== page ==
MTE Explains: How Search Engines Work

You’ve been using search engines for a long time now. You probably used one to find this article. But do you know how they work? This post will give you a basic understanding of how search engines work to find all the information you wouldn’t be able to find on your own.

Developing a search engine is complicated and requires a demanding amount of resources. Long before Google started hosting vast amounts of data in Gmail and Google Drive, the company needed to invest heavily in infrastructure just to sustain their initial search service. Suffice to say, most people cannot design and maintain their own web search engines, and there is a reason only a few key players dominate the arena. Yet regardless of which search provider you turn to, the process for how search engines work is largely the same.

Web Crawler

First, developers create Internet bots capable of reading hyperlinks and HTML. These web crawlers browse the Internet looking for web sites in order to index them. They are provided with a list of URLs to start with, and the bot scans all of the hyperlinks on each of these pages and adds them to the list of URLs to visit next. Crawlers can only download a certain number of pages within a given time period, which is why search results sometimes suggest websites that have since been deleted or removed. The websites these web crawlers visit are indexed according to the information the bots can gather by reading each site’s HTML.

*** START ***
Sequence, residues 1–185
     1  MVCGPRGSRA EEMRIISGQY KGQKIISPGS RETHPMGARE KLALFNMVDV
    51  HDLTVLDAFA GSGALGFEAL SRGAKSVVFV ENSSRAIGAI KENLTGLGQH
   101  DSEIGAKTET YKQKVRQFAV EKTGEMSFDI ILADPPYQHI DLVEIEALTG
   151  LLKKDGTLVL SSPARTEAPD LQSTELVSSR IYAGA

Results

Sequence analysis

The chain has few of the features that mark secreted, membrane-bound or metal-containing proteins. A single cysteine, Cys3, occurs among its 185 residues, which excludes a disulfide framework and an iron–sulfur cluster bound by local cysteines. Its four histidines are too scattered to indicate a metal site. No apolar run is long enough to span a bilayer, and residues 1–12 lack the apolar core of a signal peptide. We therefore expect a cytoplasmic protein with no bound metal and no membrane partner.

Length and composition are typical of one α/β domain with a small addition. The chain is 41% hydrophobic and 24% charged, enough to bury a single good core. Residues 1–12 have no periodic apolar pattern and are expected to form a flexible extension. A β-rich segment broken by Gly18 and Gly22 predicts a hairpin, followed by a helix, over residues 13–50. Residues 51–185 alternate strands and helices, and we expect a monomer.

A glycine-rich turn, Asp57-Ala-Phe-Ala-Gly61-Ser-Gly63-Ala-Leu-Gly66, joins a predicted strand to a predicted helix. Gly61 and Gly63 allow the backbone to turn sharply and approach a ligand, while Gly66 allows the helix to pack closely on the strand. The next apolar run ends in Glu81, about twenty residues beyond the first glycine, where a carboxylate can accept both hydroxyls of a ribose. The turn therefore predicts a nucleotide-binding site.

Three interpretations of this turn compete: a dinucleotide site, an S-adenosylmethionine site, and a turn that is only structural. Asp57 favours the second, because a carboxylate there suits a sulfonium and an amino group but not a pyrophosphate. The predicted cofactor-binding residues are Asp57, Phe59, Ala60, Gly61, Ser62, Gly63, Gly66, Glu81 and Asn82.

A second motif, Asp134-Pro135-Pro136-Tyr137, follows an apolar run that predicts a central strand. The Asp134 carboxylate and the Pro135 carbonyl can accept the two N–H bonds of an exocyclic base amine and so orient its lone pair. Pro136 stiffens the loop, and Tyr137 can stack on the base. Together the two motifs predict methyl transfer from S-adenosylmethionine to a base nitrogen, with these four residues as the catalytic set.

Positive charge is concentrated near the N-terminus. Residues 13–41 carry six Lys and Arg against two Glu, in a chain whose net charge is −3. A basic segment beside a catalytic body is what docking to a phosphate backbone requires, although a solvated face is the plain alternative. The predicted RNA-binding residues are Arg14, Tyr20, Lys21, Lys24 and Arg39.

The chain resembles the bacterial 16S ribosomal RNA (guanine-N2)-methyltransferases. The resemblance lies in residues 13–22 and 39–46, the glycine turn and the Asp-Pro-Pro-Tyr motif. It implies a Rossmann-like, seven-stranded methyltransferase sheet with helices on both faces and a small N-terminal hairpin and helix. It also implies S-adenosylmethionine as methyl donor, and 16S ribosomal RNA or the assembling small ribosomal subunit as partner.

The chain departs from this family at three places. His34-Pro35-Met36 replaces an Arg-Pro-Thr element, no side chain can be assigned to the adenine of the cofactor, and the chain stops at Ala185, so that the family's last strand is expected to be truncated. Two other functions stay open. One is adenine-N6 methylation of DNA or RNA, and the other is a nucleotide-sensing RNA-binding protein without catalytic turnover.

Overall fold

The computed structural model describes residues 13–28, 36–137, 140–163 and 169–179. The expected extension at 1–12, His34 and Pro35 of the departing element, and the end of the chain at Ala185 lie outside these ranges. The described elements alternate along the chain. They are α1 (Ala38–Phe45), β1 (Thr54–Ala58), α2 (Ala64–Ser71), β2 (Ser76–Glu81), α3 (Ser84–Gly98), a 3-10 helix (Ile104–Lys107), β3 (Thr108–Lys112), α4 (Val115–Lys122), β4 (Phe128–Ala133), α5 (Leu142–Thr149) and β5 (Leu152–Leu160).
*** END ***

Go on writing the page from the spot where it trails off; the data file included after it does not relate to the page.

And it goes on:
Indexing speeds up the process of retrieving relevant webpages. Searching an index is a substantially less intensive and time-consuming task than searching all of the possible websites. Imagine having to send out new web crawlers to discover the answers to every search inquiry. It would be akin to sending explorers out into the wilderness blind rather than using a map.

Search Map

Indexes must be stored, and considerable time and effort goes into keeping indexes up-to-date, but the trade-off in speed makes the effort worth it.

Magnifying Glass

Searching is the most visible step of the process. When you type a term into Google, Bing, Yahoo, Duck Duck Go, or any number of search engines, they search their respective indexes for the best results. This information is then displayed on search engine results pages (SERPs).

Making Money

Since search engines are free, how were some able to grow into such massive companies? Like much of the Internet, search engines make money by selling ad space. Some advertisers pay to have their products or services ranked higher in search results. Some engines, such as Google, run search-related ads alongside their general search results. As search engines became the most popular way of finding information on the internet, they also became the most popular way of advertising online. Potential consumers may not read the same websites, but they do turn to the same search engines.

The process is immensely complex, and there is a great demand out there for people who understand the intricacies¬†of how search engines work.¬†This guide just scratches the surface, but there’s a wealth of information out there. Thanks to search engines, finding that information is easier than ever.